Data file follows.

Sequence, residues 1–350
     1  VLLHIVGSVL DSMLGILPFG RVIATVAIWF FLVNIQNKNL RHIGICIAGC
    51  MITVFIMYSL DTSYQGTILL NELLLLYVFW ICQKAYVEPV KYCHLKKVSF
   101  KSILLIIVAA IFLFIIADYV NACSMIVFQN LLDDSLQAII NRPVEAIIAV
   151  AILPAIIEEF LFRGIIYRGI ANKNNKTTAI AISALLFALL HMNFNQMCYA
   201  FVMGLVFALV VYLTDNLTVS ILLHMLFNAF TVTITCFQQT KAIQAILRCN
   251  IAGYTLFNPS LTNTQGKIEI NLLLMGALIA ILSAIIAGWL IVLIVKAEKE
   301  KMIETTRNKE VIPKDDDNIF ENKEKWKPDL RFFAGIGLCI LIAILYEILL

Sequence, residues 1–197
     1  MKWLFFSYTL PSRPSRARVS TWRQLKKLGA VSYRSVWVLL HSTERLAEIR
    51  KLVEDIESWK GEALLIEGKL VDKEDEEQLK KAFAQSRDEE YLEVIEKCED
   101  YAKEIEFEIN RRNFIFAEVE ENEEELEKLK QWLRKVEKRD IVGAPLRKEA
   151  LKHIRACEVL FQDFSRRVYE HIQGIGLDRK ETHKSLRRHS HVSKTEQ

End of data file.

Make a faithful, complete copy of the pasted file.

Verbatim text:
Sequence, residues 1–350
     1  VLLHIVGSVL DSMLGILPFG RVIATVAIWF FLVNIQNKNL RHIGICIAGC
    51  MITVFIMYSL DTSYQGTILL NELLLLYVFW ICQKAYVEPV KYCHLKKVSF
   101  KSILLIIVAA IFLFIIADYV NACSMIVFQN LLDDSLQAII NRPVEAIIAV
   151  AILPAIIEEF LFRGIIYRGI ANKNNKTTAI AISALLFALL HMNFNQMCYA
   201  FVMGLVFALV VYLTDNLTVS ILLHMLFNAF TVTITCFQQT KAIQAILRCN
   251  IAGYTLFNPS LTNTQGKIEI NLLLMGALIA ILSAIIAGWL IVLIVKAEKE
   301  KMIETTRNKE VIPKDDDNIF ENKEKWKPDL RFFAGIGLCI LIAILYEILL

Sequence, residues 1–197
     1  MKWLFFSYTL PSRPSRARVS TWRQLKKLGA VSYRSVWVLL HSTERLAEIR
    51  KLVEDIESWK GEALLIEGKL VDKEDEEQLK KAFAQSRDEE YLEVIEKCED
   101  YAKEIEFEIN RRNFIFAEVE ENEEELEKLK QWLRKVEKRD IVGAPLRKEA
   151  LKHIRACEVL FQDFSRRVYE HIQGIGLDRK ETHKSLRRHS HVSKTEQ